centipede Amazon

Centipedes like this are a jungle staple.

Pros: Guests of Napo Wildlife Center Ecolodge get access to not one but two clay lick access. It also feels pretty great to be part of such a strong community project and it’s nice to feel immersed in legit culture but with plenty of comforts too including private bathrooms with hot water showers, great beds, ceiling fans, 24–hour electricity, window screens, mosquito nets, and private porches with hammocks and furniture.

Napo Indiginous community

Residents of local villages in the Amazon Basin in Ecuador.

Cons: It takes a long time to reach Napo from Coca. First, there’s the two to three-hour speedboat ride on the Napo River away from the port town of Coca. Then guests transfer to long canoes which are paddled by very able-bodied staff members along a small, meandering tributary for another hour and a half. But there’s also a pro to this con: with no motorized transport to frighten wildlife away, guides easily point out birds and monkeys during the relaxing canoe journey to the lodge.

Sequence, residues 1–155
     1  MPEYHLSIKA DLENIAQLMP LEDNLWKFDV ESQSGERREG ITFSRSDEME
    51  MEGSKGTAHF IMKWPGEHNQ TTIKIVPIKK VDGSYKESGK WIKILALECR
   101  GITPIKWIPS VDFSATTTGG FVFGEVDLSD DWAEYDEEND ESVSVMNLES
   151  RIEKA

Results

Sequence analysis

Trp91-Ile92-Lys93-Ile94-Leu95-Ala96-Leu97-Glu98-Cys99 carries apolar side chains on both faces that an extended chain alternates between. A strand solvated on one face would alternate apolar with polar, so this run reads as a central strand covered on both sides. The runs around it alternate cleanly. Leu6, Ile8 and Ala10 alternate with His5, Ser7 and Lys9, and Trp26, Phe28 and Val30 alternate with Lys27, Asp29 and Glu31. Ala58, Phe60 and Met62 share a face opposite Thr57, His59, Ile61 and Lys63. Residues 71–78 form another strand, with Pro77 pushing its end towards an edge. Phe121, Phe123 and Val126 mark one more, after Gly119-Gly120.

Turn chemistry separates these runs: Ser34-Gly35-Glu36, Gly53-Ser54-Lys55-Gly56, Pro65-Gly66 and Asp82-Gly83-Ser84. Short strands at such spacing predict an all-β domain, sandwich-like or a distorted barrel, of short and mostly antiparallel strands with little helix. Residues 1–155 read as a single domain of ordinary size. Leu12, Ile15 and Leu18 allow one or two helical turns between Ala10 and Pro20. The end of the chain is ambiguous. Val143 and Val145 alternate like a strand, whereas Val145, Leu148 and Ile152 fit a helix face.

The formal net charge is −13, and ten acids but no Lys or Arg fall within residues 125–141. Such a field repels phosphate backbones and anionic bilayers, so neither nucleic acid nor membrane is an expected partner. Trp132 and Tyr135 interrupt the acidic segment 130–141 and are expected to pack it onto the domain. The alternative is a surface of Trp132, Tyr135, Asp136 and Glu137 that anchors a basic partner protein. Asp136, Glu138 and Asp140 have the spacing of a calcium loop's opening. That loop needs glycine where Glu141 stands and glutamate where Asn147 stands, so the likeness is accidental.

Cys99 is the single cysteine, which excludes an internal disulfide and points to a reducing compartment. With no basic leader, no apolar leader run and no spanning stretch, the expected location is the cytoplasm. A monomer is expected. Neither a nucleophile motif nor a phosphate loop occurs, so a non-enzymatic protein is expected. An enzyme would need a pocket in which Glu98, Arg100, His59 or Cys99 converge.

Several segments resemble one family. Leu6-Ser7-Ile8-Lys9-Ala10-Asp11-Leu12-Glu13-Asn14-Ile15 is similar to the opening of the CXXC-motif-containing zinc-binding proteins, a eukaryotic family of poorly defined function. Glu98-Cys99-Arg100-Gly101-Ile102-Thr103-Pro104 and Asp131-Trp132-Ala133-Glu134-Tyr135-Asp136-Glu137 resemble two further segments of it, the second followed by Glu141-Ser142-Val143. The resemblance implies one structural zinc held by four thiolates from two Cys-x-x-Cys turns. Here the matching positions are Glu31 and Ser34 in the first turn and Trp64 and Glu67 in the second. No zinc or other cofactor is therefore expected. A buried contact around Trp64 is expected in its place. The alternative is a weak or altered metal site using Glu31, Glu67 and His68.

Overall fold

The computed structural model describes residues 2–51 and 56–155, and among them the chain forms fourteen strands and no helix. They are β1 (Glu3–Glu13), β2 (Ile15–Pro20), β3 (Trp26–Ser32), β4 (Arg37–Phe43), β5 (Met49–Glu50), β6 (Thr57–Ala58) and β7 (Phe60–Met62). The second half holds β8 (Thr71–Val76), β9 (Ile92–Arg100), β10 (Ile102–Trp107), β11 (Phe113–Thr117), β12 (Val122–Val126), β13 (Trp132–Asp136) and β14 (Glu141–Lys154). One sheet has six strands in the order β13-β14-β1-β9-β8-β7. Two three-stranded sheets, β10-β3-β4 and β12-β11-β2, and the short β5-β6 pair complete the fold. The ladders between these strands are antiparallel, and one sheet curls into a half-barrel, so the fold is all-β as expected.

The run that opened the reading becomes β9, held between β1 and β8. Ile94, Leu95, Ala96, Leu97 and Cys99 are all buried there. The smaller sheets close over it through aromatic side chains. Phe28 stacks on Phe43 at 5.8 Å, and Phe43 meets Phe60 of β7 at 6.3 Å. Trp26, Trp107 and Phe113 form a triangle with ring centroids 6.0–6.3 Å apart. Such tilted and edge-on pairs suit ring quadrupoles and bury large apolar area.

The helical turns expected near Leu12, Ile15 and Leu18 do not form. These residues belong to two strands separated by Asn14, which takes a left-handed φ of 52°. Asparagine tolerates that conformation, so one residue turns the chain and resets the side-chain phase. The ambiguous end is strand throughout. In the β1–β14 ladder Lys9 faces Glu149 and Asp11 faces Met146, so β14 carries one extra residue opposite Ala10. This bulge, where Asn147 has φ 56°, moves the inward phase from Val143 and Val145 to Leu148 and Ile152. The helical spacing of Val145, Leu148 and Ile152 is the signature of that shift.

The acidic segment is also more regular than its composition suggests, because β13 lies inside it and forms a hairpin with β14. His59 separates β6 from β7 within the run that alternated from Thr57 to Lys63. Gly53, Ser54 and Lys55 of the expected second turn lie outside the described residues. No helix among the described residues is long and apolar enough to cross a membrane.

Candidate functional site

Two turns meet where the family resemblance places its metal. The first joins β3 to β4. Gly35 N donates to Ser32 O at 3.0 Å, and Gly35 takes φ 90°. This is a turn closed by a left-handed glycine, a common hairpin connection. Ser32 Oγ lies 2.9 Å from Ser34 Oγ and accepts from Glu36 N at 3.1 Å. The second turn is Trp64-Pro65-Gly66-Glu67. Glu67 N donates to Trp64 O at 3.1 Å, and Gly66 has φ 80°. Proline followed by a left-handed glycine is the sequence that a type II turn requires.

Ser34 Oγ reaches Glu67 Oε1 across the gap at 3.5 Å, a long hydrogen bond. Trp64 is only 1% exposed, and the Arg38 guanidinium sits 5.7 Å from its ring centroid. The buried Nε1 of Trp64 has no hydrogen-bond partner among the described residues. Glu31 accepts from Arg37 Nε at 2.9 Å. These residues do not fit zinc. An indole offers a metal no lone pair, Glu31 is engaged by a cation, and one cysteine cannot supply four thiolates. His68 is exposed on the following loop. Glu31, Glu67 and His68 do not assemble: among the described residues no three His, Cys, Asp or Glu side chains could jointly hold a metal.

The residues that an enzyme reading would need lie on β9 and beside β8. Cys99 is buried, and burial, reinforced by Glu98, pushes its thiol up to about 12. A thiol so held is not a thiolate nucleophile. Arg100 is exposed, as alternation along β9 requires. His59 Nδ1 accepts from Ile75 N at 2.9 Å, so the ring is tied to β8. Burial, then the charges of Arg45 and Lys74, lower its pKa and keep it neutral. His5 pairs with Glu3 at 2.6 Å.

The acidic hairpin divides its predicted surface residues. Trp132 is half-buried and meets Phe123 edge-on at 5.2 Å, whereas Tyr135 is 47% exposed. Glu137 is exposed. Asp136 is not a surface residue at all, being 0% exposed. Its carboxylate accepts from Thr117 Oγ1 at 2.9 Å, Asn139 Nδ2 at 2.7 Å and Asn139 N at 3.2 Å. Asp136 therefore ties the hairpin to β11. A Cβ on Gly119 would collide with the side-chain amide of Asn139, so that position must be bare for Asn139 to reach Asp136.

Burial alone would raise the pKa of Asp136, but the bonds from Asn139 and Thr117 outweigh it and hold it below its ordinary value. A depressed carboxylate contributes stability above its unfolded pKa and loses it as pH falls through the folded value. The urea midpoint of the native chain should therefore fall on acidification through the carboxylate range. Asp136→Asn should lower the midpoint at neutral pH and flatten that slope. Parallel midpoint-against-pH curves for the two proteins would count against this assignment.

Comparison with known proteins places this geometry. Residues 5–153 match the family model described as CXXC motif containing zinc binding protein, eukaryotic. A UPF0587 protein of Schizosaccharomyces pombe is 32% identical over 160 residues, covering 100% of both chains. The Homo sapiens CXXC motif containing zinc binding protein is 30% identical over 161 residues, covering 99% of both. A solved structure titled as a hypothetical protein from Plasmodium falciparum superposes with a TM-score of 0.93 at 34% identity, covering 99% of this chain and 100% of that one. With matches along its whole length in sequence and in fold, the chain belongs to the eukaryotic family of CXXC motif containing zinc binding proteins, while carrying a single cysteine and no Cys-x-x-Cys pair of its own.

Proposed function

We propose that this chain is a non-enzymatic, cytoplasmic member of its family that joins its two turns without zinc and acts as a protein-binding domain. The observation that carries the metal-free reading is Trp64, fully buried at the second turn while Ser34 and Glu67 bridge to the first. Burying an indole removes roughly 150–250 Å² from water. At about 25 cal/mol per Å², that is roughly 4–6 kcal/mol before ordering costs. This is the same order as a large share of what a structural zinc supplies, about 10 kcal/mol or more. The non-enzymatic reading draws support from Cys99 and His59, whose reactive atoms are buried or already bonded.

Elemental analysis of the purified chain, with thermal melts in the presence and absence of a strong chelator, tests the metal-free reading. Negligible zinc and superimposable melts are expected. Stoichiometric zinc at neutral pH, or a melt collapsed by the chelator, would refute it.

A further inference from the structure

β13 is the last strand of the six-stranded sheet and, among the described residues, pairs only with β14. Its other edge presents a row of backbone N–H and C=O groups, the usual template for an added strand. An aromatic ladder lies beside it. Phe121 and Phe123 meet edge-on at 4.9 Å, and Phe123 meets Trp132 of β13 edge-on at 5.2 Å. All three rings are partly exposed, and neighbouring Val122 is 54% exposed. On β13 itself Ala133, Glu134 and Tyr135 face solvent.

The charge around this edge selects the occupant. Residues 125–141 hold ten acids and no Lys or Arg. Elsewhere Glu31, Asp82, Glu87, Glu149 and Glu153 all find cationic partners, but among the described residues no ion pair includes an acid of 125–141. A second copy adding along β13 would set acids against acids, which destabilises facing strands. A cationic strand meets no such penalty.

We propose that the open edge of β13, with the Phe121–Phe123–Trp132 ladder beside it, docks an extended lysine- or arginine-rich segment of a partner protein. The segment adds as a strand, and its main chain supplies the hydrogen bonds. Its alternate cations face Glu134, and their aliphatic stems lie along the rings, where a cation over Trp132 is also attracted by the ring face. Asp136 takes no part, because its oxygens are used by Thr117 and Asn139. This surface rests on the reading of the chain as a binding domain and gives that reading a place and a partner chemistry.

canoeing Napo Wildlife Center Ecolodge

The final leg of your journey from Coca to Napo Wildlife Center Ecolodge is a peaceful canoe ride along this narrow creek.

Continue planning your Napo River Amazon Basin adventure in Ecuador with the tips and information in our Napo River Amazon Travel in Ecuador Know-How post (which covers how to get there, environmental issues, Amazon myths, and other important aspects of Amazon travel), our post about a luxury lodge in the Amazon, our post about a riverboat adventure on the Napo, and our post about 9 Great Big Amazon Travel Myths.


Here’s more about travel in Ecuador

Here’s more about Amazon Travel

Here’s more about Adventure Travel


Series Navigation:<< Jungle Luxury – Napo River Amazon Basin, EcuadorAmazon Travel Guide – Napo River Amazon Basin, Ecuador >>